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Cucurbit Genetics Cooperative Report 6:49-50 (article 25) 1983

Potential Sources of Sudden Wilt Resistance in Muskmelon

J. D. McCreight

U. S. Department of Agriculture, Agricultural Research Service, P. O. Box 5098, Salinas, CA 93915

Sudden wilt (Pythium ultimum and P. aphanidermatum) of muskmelon has been of increasing importance in California and in Arizona. The disease causes rapid wilting and collapse of the vines just prior to harvest. In the fall of 1981, sudden wilt reached epidemic levels in the Imperial and Palo Verde valleys of California when periods of extremely hot (45°C+) daytime temperatures that induced wilting were followed by short, shallow irrigations.

In 1981, 350 breeding lines, cultivars and plant introductions were planted in mid-July at the U. S. Department of Agriculture, Imperial Valley Conservation Research Center, Brawley, California. Entries were planted in 20-plant plots consisting of 10 hills spaced 0.75 m apart; beds were spaced on 2.4 m centers. Four seeds were planted per hill; hills were thinned to 2 plants at the 1 to 2 leaf stage of growth. Sudden wilt symptoms were rated on a plot basis in September. Most of the entries that did not wilt or wilted only slightly in the 1981 planting were replanted in mid-July, 1982 for sudden wilt observation.

Reaction to sudden wilt varied widely between entries in 1981. Most cultivars and advanced breeding lines were severely wilted and necrotic, but several entries showed little or no wilting. Male sterile breeding lines and various cultivars were moderately wilted. Inbred derivatives and F1 hybrids of PI 125861 and breeding line 61090, F1 hybrid Fla 76-71L (from G. W. Elmstrom, Leesburg, Florida), and breeding line W4 (2), were free of wilt or slightly wilted (Table 1). The highest rated entry in 1981 was 92393, an F1 hybrid between PI 125861 and 61090 (Table 1). Resistance to sudden wilt is available in two muskmelon types (Table 1) following the classification of Naudin (3).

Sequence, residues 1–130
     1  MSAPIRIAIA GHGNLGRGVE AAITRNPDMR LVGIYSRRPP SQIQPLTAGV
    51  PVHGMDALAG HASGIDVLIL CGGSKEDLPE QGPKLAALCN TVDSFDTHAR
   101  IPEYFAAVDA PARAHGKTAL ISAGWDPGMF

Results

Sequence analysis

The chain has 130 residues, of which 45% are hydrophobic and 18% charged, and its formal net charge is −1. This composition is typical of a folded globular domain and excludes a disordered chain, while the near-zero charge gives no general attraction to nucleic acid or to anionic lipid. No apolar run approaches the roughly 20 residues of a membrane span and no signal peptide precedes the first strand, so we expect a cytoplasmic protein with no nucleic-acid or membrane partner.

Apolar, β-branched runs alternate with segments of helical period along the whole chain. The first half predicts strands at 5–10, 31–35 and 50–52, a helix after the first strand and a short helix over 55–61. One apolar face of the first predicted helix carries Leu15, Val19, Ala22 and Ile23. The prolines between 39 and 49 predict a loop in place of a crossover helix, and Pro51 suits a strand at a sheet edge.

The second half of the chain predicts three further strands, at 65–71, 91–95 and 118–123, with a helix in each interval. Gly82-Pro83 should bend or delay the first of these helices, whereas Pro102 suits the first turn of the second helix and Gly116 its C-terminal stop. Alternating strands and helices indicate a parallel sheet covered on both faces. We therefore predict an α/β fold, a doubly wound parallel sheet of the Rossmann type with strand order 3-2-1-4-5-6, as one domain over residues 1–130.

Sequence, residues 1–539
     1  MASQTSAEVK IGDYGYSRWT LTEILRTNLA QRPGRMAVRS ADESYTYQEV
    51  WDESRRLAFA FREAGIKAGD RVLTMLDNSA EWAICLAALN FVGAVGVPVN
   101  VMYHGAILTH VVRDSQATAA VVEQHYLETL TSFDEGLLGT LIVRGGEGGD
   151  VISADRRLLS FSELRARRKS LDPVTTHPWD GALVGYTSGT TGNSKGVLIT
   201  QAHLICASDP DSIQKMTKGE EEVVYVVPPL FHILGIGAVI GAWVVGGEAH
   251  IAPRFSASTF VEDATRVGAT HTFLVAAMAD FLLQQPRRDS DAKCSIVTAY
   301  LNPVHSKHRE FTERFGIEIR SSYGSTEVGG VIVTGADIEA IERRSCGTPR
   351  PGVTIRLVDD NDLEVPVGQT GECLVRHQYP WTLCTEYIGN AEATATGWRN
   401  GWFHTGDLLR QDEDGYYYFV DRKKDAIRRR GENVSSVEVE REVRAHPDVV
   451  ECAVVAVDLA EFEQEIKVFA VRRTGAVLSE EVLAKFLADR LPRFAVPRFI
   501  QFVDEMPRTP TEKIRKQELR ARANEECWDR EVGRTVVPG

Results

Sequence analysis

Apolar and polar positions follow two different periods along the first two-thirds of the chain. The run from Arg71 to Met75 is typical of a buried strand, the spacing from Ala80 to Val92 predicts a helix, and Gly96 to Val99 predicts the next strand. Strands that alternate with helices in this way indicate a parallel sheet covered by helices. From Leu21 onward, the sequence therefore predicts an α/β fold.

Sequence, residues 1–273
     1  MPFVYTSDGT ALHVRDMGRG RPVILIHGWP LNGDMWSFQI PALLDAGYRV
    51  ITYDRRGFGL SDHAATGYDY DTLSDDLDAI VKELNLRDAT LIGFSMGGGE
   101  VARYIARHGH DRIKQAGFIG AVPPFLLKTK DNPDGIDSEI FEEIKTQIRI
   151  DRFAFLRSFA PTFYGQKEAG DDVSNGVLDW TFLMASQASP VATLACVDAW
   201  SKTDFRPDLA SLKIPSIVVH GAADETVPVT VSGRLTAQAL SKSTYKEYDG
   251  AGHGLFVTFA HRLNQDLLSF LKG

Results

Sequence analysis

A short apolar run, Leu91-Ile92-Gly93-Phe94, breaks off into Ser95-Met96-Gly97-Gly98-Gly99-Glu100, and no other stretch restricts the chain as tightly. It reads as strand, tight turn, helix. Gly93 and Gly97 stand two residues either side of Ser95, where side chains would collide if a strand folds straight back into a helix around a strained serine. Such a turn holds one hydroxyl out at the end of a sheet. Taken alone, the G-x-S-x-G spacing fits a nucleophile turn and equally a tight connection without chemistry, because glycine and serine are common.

Table 1. Field ratingsz of potential sources of resistance and standard cultivars of muskmelon; mean of two replications.


 

Year


 

 

Entry

1981

1982

Type

Comment


92393

 9

 9

inodorus

F1 (PI 125861 x 61090)

92392

 8

 5

inodorus

PI 125861 inbred

92395

 7

 -

inodorus

F1 (ms-l x PI 125861)

W4

 7

 -

reticulatus

WMVI resistant

Fla 76-71L

 7

 7.5

reticulatus

F1

31537

 7

 -

reticulatus

ms-2 inbred

61090

 7

 8.5

inodorus

powdery mildew resistant honeydew

PMR 45

 1

 4

reticulatus

standard cultivar

Topmark

 3

 7

reticulatus

standard cultivar

Green Flesh Honeydew

 2

 5

inodorus

standard cultivar


zWilting rating scale: 1=necrosis; 3=severe; 5=moderate; 7=slight; and 9=none.

Sudden wilt was not as prevalent in 1982; there were virtually no reports of sudden wilt in commercial fields. Wilt was again, however, in epidemic proportions in the breeding trials. That wilt was not as severe as in 1981 was shown by the seasonal differences in ratings of ‘PMR 45’, ‘Topmark’ and ‘Green Flesh Honeydew’. Entries that were most resistant in 1981 were resistant in 1982, with the exception of 92392 (Table 1).

Data from the hybrid 92393 suggest that resistance is conditioned by two or more genes or alleles that combine for higher level of resistance than in the parents. The source of wilt resistance in 61090 is unknown. It’s pedigree is complex and includes ‘PMR45’, commercial honeydew, resistant cantaloupe (1) and PI 124111.

Literature Cited

  1. Bohn, G. W. 1961. Inheritance and origin of nectarless muskmelon. J. Heredity 52:233–237.
  2. Thomas, C. E. and R. A. Webb. 1981. W1, W3, W4, W5 and W6 multi-disease-resistant muskmelon breeding lines. HortScience 16:96.
  3. Whitaker, T. W. and G. N. Davis. 1962. Cucurbits. Interscience Publishers, Inc. New York. 249 pp.
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Page citation: Wehner, T.C., Cucurbit Genetics Cooperative;
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